Boilies play a major role in the dietary habits of freshwater fish and this is especially the case with carp and barbel. There are now many fisheries throughout Europe where carp depend on angler’s bait. I believe we can make the most of this dependency. In this article I will be discussing why the use of advanced bait can lead to an improved catch rate.
To establish why fish eat anglers bait we might look at a simple example of wild animals that have come to depend on humans for food. So, let’s take the familiar birds, like finches, blackbirds and robins that regularly visit our gardens. If we place food for the first time on a bird table, particularly when there was not previously a bird table in the garden, then birds quickly learn to eat the readily available food. We can also use different types of food to attract different species of bird to the table. This phenomenon is likely because there will be periods when birds cannot obtain sufficient vital nutrients from naturally available food and they have the ability to learn that the food on the bird table has the nutrients their bodies need. They can do this very quickly and I must stress that these creatures only know to do this by instinct, but I do not know how they do it! We must also consider that their dietary needs will change as their environment does. For example, in winter, birds often require food with a higher fat content, which is likely because this nutrient may be lacking in their natural food and they need the fat as body-fuel for surviving the cold. In spring time they require proteins to help them ovulate, produce eggs and breed successfully. Contrary to popular belief, carp benefit from a digestible dietary fat in winter. Carp also require extra protein in their diet when the water warms. The additional protein assists in the production of eggs and gets fish ready for spawning. This event only coincides with a consistent increase in water temperature. During this time of the season we should be thinking about changing our bait formulations in order to provide carp with a higher protein food source they will quickly benefit from. This may go some way to explain why one type of bait recipe will not provide the best solution in all conditions.
Over the past 40 years, and particularly with regard to the use of boilies that contain good-quality ingredients, anglers have taught carp to seek out and recognise bait. We have only done this by taking typical examples from other areas of nature, such as the bird-table example I outlined earlier. This was the original theory behind the use of HNV (High Nutritional Value), bait and the original concept of the boilie which was developed in the early 1970’s. The main reason boilies have become so effective, is that they are more selective than traditional bait or shall we say, more effective than bait that has a low(er) nutritional value. It is important to understand that boilies and special pastes have evolved because we have the option of manipulating the ingredients to suit prevailing conditions. This point is very important, because it is only by using and understanding various food ingredients to make boilies and paste that we can completely control the true nutritional profile of the bait. With a relatively small effort, bait enthusiasts can seek to control the protein, vitamin, mineral, carbohydrate, and fat, content of their bait. It is also possible to control the, shape, size, texture, colour, smell, taste, density and buoyancy of it too. There is no other angling bait that offers this level of infinite versatility. Carp are the perfect quarry for us to implement this bait theory and many of us can then elect to go much further and reap the rewards by understanding it more. Reputable bait manufacturers and suppliers should always know the exact nutritional profile of their bait. It pays to ask a few basic questions of our bait suppliers and by doing so we should gain a better understanding of what bait works best and when to apply it.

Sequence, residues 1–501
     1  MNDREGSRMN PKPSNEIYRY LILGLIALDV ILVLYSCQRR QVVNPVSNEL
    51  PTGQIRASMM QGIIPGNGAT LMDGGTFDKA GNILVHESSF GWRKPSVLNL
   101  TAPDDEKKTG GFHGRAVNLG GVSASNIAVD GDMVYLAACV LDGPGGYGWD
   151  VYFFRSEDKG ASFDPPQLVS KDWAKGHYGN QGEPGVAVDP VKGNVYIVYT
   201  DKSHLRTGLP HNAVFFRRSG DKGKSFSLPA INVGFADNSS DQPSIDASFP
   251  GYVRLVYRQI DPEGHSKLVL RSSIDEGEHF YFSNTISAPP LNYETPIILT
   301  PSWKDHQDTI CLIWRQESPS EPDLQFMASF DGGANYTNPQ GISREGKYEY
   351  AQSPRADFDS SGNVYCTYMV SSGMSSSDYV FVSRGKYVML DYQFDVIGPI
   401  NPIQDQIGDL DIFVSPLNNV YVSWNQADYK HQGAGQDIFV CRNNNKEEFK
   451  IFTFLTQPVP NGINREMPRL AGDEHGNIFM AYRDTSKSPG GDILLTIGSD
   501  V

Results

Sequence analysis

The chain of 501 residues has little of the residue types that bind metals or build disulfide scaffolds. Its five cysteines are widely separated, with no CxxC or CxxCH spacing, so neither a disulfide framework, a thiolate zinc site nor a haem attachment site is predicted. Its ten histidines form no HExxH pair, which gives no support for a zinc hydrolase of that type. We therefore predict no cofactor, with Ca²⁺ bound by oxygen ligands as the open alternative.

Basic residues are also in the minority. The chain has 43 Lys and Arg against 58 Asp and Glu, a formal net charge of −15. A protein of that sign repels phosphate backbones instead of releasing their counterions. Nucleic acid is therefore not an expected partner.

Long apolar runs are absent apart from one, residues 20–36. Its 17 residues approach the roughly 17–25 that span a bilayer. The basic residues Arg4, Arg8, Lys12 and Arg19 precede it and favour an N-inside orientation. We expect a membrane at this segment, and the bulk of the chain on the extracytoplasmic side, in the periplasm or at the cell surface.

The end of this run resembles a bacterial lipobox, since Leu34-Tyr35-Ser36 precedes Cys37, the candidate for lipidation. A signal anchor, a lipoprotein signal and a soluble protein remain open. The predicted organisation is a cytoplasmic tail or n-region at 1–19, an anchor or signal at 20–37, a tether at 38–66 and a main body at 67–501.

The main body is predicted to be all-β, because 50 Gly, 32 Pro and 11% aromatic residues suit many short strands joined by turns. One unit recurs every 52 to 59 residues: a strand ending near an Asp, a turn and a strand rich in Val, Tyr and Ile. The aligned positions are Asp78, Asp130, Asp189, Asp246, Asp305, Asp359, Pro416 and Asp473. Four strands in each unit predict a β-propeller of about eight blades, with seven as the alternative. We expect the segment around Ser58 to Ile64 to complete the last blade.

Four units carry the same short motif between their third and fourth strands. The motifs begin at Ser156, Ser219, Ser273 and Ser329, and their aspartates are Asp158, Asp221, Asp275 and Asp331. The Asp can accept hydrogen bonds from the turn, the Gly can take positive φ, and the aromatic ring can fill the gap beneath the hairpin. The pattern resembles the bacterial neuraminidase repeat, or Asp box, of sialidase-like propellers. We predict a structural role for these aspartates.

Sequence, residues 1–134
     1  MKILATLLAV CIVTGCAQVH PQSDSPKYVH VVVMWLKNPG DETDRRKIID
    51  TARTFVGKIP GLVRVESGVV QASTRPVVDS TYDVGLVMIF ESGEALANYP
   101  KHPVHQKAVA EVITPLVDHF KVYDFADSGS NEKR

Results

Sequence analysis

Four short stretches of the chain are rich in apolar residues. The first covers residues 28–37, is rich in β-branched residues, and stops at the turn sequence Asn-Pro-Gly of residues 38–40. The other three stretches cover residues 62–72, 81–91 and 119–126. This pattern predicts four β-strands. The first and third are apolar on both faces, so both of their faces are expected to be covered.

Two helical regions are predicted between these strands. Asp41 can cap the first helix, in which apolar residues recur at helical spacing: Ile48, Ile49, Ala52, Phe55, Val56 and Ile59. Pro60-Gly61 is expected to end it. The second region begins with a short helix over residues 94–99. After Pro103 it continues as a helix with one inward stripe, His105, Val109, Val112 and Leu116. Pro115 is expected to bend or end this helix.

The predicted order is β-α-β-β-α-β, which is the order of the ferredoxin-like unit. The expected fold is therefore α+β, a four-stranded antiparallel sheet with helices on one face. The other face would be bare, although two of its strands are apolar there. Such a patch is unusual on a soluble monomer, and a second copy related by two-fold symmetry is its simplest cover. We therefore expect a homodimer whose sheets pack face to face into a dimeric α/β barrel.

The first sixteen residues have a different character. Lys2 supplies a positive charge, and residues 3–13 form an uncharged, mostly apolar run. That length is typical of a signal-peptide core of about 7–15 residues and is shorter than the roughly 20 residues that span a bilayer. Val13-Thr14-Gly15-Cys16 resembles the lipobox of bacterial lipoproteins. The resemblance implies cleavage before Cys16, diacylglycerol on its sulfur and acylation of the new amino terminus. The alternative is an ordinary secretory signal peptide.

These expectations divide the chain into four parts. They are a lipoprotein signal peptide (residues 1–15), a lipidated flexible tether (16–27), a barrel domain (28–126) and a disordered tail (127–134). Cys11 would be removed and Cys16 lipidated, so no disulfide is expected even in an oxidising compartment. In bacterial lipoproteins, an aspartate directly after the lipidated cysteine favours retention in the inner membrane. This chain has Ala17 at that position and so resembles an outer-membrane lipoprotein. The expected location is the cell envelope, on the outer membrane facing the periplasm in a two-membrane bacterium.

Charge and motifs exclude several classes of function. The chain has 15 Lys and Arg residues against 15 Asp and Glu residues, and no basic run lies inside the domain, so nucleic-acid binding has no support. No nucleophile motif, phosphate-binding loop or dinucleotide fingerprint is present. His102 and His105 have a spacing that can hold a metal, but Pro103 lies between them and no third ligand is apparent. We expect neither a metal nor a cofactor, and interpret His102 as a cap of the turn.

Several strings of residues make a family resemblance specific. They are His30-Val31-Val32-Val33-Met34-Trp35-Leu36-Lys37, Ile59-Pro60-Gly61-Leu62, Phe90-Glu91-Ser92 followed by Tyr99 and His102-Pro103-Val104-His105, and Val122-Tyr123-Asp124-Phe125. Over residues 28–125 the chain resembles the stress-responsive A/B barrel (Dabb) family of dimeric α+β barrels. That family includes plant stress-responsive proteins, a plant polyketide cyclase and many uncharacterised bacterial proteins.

Further understanding of what bait fish prefer to eat can influence the speed and effect of its attraction. This is known as ‘Short-Term’ and ‘Long-Term’ bait. Short term baits would be of little or no food value and are less likely to be nutritionally beneficial. They may perhaps contain a stronger level of key ingredients and additives to increase the smell, taste and overall attraction of the bait, with more emphasis being placed on instant attraction rather than food value. Ready-made bait with chemical preservative, plastic sweet corn or artificial bait is in this category, and we know carp can be tricked into eating these baits in spite of their make-up but not because of it. It may also be important to note at this point, that these types of bait would be even less effective were they not presented on a self-hooking hair rig set up. It should not be forgotten that before the hair rig was invented anglers buried their hooks inside the bait and actually had to strike-the-rod when they had a bite! Modern hair-rigs are actually self-hooking-rigs and this has eliminated a great deal of the angling skill that was previously required to convert bites into hooked-fish.